Lipoma (Fat Lump) in Cats: Everything You Need to Know

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Lipoma is a benign tumor consisting of adipose tissue.

The tumor can occur anywhere in the body’s connective tissue, but is usually located in the subcutaneous tissue.

Fat lumps, or lipomas, are not very common in cats and they are seen mainly in older individuals. Lipomas are benign, but can have an unfavorable location so that they are mechanically in the way. In more rare cases, lipomas can be found inside the body, such as between muscle bundles, in the abdominal or thoracic cavity.


Pet owners usually most easily detect lumps in the subcutaneous tissue when they pat or feel through the cat. In short-haired cats, such a lump may appear as a bulge. Lipoma usually feels like a round or oval, slightly soft lump.

A cat with a lipoma in the subcutaneous tissue normally has no disease symptoms, but if the tumor is located in an area where the skin is tight, such as in the face or on the leg, the cat may experience that the skin tightens.

When lipomas in rare cases occur elsewhere in the body, symptoms may be observed from the organ that the tumor squeezes / presses against: A lipoma behind the eye causes the eye to bulge out. A tumor inside a muscle can cause stiffness and lameness if it presses against vessels and nerves, and the bone can become swollen if the tumor prevents the outflow of lymph.


During the clinical examination, the veterinarian feels the tubercle and the lymph node closest to the tumor. Although lipomas often have typical characteristics, it is not possible to make a definite diagnosis simply by feeling the lump. Ideally, tissue from the tuber should be analyzed in a laboratory, which, however, requires a surgical procedure for biopsy or removal of the tumor.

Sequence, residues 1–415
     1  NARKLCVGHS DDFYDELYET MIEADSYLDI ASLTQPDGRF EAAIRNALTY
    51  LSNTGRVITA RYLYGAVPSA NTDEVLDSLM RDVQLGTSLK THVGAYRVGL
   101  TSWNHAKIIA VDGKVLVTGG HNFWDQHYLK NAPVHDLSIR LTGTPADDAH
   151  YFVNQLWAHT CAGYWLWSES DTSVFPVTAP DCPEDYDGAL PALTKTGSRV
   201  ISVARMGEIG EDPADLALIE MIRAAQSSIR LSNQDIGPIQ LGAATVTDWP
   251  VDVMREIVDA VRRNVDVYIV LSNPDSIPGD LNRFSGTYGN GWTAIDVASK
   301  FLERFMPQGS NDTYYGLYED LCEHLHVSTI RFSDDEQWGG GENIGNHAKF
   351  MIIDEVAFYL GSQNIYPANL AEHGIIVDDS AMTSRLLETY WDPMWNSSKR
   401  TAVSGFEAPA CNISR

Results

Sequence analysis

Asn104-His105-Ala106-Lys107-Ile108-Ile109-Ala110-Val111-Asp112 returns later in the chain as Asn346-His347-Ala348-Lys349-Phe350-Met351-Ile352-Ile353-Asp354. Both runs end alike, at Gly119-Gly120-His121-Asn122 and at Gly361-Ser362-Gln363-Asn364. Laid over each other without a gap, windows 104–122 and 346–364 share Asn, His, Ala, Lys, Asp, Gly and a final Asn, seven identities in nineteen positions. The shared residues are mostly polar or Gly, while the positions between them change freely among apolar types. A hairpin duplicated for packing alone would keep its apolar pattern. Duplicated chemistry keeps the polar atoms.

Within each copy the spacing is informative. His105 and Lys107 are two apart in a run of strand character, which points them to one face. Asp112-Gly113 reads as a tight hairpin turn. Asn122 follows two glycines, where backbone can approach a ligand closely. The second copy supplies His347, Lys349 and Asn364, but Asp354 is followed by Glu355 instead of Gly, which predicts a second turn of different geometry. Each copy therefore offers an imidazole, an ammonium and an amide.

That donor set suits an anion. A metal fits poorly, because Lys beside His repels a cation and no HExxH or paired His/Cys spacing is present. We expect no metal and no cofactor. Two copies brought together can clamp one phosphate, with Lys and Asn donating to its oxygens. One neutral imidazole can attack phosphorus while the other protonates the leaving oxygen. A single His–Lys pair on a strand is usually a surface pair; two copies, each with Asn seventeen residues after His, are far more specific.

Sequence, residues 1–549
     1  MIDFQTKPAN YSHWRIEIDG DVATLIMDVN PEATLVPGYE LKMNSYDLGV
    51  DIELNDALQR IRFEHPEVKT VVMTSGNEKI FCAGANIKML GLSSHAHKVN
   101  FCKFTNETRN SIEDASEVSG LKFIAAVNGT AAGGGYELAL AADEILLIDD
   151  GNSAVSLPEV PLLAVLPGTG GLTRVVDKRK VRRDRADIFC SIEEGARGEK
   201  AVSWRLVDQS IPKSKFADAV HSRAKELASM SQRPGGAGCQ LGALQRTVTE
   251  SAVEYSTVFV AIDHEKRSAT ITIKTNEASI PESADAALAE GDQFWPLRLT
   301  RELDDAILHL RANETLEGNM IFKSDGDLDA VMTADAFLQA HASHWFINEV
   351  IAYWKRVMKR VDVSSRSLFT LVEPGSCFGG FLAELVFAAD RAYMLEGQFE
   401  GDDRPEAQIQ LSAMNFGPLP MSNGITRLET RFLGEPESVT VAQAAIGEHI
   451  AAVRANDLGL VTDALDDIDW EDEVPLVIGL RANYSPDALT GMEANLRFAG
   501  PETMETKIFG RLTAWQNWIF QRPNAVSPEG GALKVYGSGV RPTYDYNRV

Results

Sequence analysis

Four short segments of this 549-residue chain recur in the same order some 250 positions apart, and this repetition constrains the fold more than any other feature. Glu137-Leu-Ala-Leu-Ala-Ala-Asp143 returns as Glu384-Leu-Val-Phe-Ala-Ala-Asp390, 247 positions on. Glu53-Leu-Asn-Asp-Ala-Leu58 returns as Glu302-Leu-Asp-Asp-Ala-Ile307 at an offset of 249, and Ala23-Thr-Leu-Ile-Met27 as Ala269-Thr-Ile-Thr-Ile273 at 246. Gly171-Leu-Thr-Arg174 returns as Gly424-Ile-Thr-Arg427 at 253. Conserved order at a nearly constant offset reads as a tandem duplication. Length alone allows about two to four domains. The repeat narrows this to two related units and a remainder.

Therefore, a less invasive examination is often performed in the form of so-called fin needle aspirate, in connection with the veterinary visit. Then cell samples are taken from the tuber with the help of a thin cannula and examined under a microscope. If you only get fat during the sampling, this indicates that it is a lipoma, a fat lump.


The only way to get rid of lipoma is through surgery. In some cases, the tumor is left if it grows slowly and sits in a place where the cat is and is judged to remain unobtrusive by it. This is especially true for older individuals or cats who for other reasons have an increased risk of anesthesia.

In cases where surgery is being considered, this should be done as early as possible, as the procedure and thus the healing becomes more extensive the larger the tumor.

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